Posted by: Christine Mehl | Apr 24, 2009 12:10:08 PM
I am saddened to read this list. How dare Consumer Reports undermine babies! Co-sleeping and sling-wearing (baby-wearing) are the fabric of our existance! Read the research from Dr. James McKenna of the Notre Dame Mother-Baby Behavioral Sleep Lab for information about the co-sleeping facts (through scientific method not through opinion as stated in this blog). Here is the link: http://www.nd.edu/~jmckenn1/lab/ (My comment: James McKenna’s studies in no way constitute proof of the safety of cosleeping, as anyone who’s actually read the studies should know. Not that I expect any APer to have done so, as opposed to merely parroting what all the other APers and Mothering Magazine say on the subject.)
Let’s stop the scare-tactics in our society, the health and wellness of mothers, babies, and families depend on it!
Mom of 4 (breastfed, co-sleeping, babywearing)
B.S. Degree in Public Health
Doula & Lactation Counselor
To be fair, there were many less hysterical and much better-reasoned responses as well. But all too many responses had the , “OMG! You have committed AP sacrilege!! How could you?!!” tone about them.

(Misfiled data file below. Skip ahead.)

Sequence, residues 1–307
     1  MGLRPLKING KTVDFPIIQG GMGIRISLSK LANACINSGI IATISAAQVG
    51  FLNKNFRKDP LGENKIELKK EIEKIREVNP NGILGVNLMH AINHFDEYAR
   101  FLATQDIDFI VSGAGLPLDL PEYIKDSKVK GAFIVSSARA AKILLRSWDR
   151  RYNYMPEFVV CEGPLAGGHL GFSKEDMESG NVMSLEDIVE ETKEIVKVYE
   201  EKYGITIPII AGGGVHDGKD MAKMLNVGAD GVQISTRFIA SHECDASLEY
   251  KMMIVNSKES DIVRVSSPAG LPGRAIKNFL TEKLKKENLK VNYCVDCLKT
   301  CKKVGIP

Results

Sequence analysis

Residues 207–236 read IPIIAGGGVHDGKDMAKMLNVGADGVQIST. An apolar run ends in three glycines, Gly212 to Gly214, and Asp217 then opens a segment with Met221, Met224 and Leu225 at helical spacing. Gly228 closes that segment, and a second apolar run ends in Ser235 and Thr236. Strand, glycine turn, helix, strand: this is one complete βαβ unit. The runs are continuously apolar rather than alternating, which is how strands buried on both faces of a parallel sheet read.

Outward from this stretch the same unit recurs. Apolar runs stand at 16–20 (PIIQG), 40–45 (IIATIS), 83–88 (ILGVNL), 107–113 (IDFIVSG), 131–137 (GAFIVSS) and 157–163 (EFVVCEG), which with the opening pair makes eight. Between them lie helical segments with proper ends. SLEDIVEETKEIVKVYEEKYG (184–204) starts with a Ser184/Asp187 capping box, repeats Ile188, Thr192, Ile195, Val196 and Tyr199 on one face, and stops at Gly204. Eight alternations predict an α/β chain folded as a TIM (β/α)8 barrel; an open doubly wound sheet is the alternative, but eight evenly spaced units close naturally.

Mind you, while I can somewhat understand taking offense about slings, I really have to wonder about the colseepers. These are usually the same people who allege that sharing an adult bed with your baby is perfectly safe, thus making a cosleeper unnecessary. One or two of the responders actually did mention this. There were also cries of “formula kills babies, why not recommend against it?” and the usual railing against death in cribs (“They call SIDS crib death, and many more babies die in cribs!”) and infant seats (“Plastic buckets”).
I’ve already covered the “science”, or rather lack thereof, behind the practice of babywearing in my Motrin post; the risk/benefit balance of bedsharing is covered in multiple posts, mostly here and here. The inanity of the “But cosleeping has been around for thousands of years!!” argument, expressed by all too many AP responders, is addressed here. Note that I endorse cosleepers as a rule and think they are safer than having a tiny baby in bed with you; however, I wouldn’t dismiss offhand that some, or even all, cosleepers may be dangerous. If the evidence actually pointed that way, I would recommend against using them. But that’s because I try to remove my ideological blinders when assessing reports such as these. Unfortunately, it seems many AP/NPers just can’t. There is all too much paranoid thinking in the AP/NP crowd that goes, “I am right, my way is inherently superior. Any evidence you might present to the contrary means you are either in error, or you must have been paid off by evil people to persecute me”.
So while I would personally prefer that Consumer Reports qualify its blanket recommendation against slings and cosleepers, I can’t help thinking that this hysterical outburst isn’t the way to do it. And I can’t help hoping that one day, some organization – be it CR or some other company that runs afoul of the AP/NPers – will tell them, perhaps not in so many words, to go screw themselves if they can’t react in a mature manner and back up their dislike of a company’s practice with cold, hard science.